“In light of the warming climate and a growing abundance of ornamental bamboo plants in Europe, the beetle might get permanently established. Not only could it become a garden pest, but it could also incur significant costs to the bamboo-processing industry,”
comments Dr Matthias Seidel, lead author of the study.
Having realised the potential of citizen science for bridging the gaps in invasive species monitoring, the researchers now propose for specialised platforms to be established with the aim to familiarise non-professional scientists with non-native species of interest and provide them with more sophisticated reporting tools. The aim is to speed up the identification of important alien species by collating records of specific species of interest, which are flagged and regularly exported from other citizen science databases and platforms.
Seidel M, Lüttke M, Cocquempot C, Potts K, Heeney WJ, Husemann M (2021) Citizen scientists significantly improve our knowledge on the non-native longhorn beetle Chlorophorus annularis (Fabricius, 1787) (Coleoptera, Cerambycidae) in Europe. BioRisk 16: 1–13. https://doi.org/10.3897/biorisk.16.61099
Gene drive organisms (GDOs) have been suggested as an approach to solve some of the most pressing environmental and public health issues. Currently, it remains unclear what kind of regulations are to be used to cover the potential risks. In their study, published in the open-access journal BioRisk, scientists evaluate the options for an operational risk assessment of GDOs before their release into environments across the EU.
EU scientists are taking a closer look into the CRISPR/Cas-9-induced population-wide genetic modifications before introducing it into practice
Within the last decades, new genetic engineering tools for manipulating genetic material in plants, animals and microorganisms are getting large attention from the international community, bringing new challenges and possibilities. While genetically modified organisms (GMO) have been known and used for quite a while now, gene drive organisms (GDO) are yet at the consideration and evaluation stage.
The difference between these two technologies, where both are meant to replace certain characters in animals or plants with ones that are more favourable for the human population, is that, even though in GDO there is also foreign “synthetic” DNA being introduced, the inheritance mode differs. In GDO, the genome’s original base arrangements are changed, using CRISPR/Cas-9 genome editing. Once the genome is changed, its alterations are carried down the organism’s offspring and subsequent generations.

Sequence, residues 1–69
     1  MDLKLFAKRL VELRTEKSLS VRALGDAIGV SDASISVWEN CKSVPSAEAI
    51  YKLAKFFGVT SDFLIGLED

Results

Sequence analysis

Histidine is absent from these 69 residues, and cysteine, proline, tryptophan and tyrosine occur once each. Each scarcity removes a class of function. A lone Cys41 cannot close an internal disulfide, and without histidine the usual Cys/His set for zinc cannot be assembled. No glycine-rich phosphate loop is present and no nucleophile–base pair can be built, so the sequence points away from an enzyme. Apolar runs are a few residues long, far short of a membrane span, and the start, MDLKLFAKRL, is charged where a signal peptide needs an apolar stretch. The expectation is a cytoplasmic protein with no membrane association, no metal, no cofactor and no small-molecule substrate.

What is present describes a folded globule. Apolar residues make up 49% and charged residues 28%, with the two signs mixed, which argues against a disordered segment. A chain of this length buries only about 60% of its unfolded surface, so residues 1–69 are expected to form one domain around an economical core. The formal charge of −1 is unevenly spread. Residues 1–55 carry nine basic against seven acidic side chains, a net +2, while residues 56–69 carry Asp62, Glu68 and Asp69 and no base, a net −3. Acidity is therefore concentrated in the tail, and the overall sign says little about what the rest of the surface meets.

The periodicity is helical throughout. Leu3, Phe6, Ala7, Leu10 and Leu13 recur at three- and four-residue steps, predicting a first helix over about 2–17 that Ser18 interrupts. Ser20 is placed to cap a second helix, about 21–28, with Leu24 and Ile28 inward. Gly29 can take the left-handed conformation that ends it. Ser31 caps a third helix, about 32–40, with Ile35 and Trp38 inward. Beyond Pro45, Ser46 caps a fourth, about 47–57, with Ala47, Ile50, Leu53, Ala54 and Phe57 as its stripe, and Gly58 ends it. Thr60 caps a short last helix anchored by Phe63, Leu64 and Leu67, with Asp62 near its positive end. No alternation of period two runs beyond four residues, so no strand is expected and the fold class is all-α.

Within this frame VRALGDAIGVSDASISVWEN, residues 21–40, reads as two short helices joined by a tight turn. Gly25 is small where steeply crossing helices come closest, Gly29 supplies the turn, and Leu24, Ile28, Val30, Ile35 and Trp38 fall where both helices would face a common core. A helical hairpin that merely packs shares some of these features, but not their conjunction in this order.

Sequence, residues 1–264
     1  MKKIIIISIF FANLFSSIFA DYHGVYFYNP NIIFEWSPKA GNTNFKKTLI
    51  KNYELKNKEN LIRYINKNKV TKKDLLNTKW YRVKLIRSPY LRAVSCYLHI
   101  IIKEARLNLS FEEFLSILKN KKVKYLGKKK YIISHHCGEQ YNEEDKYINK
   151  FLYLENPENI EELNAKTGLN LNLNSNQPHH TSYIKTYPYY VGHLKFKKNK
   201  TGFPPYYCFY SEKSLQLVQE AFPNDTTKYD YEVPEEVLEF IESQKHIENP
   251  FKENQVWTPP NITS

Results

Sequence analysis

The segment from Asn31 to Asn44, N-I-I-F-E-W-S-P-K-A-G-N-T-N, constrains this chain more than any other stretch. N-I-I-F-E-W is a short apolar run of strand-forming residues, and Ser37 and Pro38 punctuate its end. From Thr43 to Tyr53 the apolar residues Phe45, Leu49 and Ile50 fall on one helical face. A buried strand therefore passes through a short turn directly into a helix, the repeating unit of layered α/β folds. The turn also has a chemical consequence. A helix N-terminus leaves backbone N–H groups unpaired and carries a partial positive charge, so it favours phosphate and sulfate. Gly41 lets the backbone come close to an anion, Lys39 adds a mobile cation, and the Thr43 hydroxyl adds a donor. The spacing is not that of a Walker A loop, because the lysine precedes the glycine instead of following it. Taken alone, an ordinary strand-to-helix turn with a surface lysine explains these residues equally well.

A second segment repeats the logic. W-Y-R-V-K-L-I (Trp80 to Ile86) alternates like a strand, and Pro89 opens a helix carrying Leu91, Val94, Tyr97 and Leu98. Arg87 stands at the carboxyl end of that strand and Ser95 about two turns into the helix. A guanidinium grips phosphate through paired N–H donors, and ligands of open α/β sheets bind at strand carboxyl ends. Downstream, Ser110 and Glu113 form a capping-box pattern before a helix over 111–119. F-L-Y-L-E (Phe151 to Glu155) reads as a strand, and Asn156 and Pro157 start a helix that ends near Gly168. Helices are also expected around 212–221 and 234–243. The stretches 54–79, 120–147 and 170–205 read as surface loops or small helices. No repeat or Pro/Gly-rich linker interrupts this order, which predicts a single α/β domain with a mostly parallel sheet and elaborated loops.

In their study, published in the open-access journal Biorisk, an international group of scientists led by Marion Dolezel from the Environment Agency Austria, discuss the potential risks and impacts on the environment.
The research team also points to current regulations addressing invasive alien species and biocontrol agents, and finds that the GMO regulations are, in principle, also a useful starting point for GDO.
There are three main areas suggested to benefit from gene drive systems: public health (e.g. vector control of human pathogens), agriculture (e.g. weed and pest control), environmental protection and nature conservation (e.g. control of harmful non-native species).
In recent years, a range of studies have shown the feasibility of synthetic CRISPR-based gene drives in different organisms, such as yeast, the common fruit fly, mosquitoes and partly in mammals.
Given the results of previous research, the gene drive approach can even be used as prevention for some zoonotic diseases and, hence, possible future pandemics. For example, laboratory tests showed that release of genetically modified mosquitoes can drastically reduce the number of malaria vectors. Nevertheless, potential environment and health implications, related to the release of GDO, remain unclear. Only a few potential applications have so far progressed to the research and development stage.